Gaza child named Eileen in tribute to Ireland and the Irish ‘family’ she’s never met

By Laura Lynott

A granddad is dreaming of a Christmas wish – that he might finally meet a little girl he regards as his “grand-daughter” – a child born thousands of miles away in war-torn Gaza and named Eileen as a tribute to Ireland.
Mick Breen, 71, has ‘virtually’ adopted little Eileen and her mother, Nedaa Al-Abadlah, 25, despite never having met them.
Mick from near New Ross, Co Wexford, writes to Nedaa almost daily on Facebook and has even introduced his own grandchildren, Arlo McGrath, 7, Angelina, 17, Lydia, 14, Jessie, 10, and Leantha, just 2, to the little girl and her mother online – where the children have chatted and made videos and songs for the pair.
The children count Eileen as being like their sister despite having never tickled the one-year-old’s toes or held her hand.
Mick said:  “Nedaa feels like a daughter to me now and Eileen is like a granddaughter.  I feel privileged to have them in my life.  They are my family and I’d love to meet them, to see Eileen growing up in a peaceful country like Ireland.  But there’s a sense of such powerlessness because I know I can’t help them even though I really want to.
“They have brought an old man such joy towards the end of my life.”
Granddad Mick Breen
Granddad Mick Breen
This friendship was formed from a situation of despair, when Nedaa tried to reach out to Ireland for support after witnessing the horrors of war.  If Mick and his family could get just one wish for the festive season it would be to meet their other family.
Nedaa welcomed people on an Irish flotilla to Gaza in 2011 and later befriended Mick on Facebook in 2012 – a year when 167 Palestinians were killed, including 87 civilians, six Israelis – two soldiers and four civilians – during a reported Israeli strike offensive on the strip.
By 2014, Nedaa had become part of the Breen family – with regular Facebook chats and video calls – but that same year, during the worst period of bloodshed in Gaza, they lost contact with her and feared the worst.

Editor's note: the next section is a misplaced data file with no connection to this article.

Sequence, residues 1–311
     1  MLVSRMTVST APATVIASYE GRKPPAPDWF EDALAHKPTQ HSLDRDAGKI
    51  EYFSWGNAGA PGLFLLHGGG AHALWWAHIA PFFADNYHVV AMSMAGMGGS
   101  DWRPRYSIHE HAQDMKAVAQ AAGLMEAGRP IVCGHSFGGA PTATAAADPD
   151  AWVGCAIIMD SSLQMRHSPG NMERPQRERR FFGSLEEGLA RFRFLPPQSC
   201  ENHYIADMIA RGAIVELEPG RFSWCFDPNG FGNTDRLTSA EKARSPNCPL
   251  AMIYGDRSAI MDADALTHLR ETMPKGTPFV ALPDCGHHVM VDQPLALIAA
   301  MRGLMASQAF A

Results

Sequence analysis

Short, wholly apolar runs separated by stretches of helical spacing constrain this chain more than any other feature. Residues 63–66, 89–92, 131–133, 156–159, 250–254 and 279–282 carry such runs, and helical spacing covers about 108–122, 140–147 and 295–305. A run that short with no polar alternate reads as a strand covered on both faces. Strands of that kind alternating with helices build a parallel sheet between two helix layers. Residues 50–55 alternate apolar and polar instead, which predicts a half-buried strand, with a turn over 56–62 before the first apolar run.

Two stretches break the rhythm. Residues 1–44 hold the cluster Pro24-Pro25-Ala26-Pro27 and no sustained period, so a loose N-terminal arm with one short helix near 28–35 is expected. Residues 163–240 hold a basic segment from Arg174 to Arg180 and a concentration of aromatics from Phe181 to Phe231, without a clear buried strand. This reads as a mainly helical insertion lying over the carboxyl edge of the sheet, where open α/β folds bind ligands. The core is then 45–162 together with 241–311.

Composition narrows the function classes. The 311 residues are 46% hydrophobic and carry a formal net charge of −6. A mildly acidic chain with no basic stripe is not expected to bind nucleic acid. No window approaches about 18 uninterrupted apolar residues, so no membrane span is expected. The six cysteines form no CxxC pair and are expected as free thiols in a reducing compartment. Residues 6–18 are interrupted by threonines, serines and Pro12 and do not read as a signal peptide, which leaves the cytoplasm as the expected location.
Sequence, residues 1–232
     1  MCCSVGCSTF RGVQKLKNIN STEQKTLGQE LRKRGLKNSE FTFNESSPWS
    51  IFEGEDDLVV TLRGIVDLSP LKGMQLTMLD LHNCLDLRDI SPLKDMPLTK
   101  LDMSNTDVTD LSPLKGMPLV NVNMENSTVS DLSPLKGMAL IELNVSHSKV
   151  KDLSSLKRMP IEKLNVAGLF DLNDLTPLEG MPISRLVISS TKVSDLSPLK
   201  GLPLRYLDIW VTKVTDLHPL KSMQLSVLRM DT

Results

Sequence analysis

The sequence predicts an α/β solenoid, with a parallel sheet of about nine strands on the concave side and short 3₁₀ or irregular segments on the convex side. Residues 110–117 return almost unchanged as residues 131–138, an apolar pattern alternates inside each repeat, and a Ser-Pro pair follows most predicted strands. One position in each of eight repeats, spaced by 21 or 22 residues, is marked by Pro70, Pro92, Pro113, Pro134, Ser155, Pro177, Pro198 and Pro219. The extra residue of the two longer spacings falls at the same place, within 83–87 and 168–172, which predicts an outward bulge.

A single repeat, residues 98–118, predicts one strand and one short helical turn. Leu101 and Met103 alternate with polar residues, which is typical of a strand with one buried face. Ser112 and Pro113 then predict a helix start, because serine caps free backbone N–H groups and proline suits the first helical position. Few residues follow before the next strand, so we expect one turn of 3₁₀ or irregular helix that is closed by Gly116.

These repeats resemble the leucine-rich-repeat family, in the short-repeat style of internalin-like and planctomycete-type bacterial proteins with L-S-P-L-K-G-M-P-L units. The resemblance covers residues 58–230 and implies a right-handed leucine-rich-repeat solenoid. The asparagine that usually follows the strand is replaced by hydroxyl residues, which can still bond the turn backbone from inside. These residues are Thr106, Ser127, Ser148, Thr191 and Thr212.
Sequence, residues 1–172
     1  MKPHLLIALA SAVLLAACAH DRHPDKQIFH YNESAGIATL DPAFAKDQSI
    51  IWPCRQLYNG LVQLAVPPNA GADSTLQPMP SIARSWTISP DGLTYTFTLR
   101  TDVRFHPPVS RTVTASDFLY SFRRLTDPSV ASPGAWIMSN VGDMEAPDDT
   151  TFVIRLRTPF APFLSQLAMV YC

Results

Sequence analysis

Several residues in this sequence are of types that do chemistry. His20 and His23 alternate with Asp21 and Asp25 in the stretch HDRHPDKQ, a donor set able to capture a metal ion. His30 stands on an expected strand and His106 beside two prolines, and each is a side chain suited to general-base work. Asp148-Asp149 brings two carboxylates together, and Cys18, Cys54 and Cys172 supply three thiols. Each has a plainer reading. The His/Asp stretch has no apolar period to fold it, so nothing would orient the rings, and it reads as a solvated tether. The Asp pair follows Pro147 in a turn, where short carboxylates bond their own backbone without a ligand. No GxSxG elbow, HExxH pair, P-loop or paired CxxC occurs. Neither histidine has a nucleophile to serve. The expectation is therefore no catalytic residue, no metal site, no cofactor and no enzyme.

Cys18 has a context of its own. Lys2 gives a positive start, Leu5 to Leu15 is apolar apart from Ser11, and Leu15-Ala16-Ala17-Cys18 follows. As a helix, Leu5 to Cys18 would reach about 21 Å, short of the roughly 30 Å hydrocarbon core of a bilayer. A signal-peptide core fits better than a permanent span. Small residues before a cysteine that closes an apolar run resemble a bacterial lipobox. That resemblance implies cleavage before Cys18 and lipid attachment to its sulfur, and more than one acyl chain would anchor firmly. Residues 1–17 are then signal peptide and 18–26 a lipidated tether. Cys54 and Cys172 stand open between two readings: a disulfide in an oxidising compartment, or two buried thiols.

Between 8 July and 27 August, that year more than 2,100 Palestinians were killed in the Gaza Strip, along with 66 Israeli soldiers and seven civilians in Israel.  The UN said the vast majority of Palestinian deaths were civilian. And figures from previous operations in the six years prior, civilians had also been killed and injured.
Nedaa’s husband Saif, 38, was working in the United Arab Emirates at the time and Mick managed to track him down to find out if she was alive – because power cuts meant they had no way of reaching her.
Nedaa, her husband and baby daughter, Eileen
Nedaa, a translator in Gaza, said: “Mick treats me as his daughter and I love him as my father.  His daughters feel like my sisters, and his grandchildren, like my cousins.
“I would love to visit Ireland because my other family is there, the Breens.  I love them from the bottom of my heart, they’ve been the best family and supporters, from the other side of the world.
“I feel like Ireland is my second home now.”
Mick has written to Neddaa during times of bloodshed, when sadly the mother has seen some terrible sights – but he feel “powerless, like words are just platitudes,” because he can’t help them.
But Nedaa insists the friendship, has given her “hope” in hours of darkness.  She called her baby Eileen, a name “that’s Irish and has so much meaning.”
And despite the horrors of her own situation, Nedaa says she worries when Mick is not feeling well.  She worries, she admits, just as any daughter does.
Neddaa is a blogger and dreams one day of becoming a journalist. She dedicated one blog, ‘Dear Mick’ to the Wexford man.
Sarah McGrath, Mick's daughter and a friend, Sinead, wishing well to Nedaa or Nadoosh (Nickname)
Susan Breen, Mick’s daughter and a friend, Brenda Caroll and her pet dog, Sinead, wishing well to Nedaa or Nadoosh (Nickname)
The father-of-three daughters and granddad-of-eight, said:  “There was never a sense of me giving anything to Nedaa and Eileen.
“It’s  them who’s enriched an old man’s life.  It seems so little but just talking to her seems to mean the world.
“Perhaps if this story helps others see humanity, then I’ve really helped change things.  Because right now there’s nearly a process of dehumanisation when we see and hear what happens in Gaza.
“These people aren’t statistics and this lady and her little girl are just like members of my family whom I dream I’ll one day meet.”
Mick hopes that this Christmas and in the New Year that Ireland stops to remember the people of Gaza and that it will soon become possible for the mother and daughter to visit Ireland.

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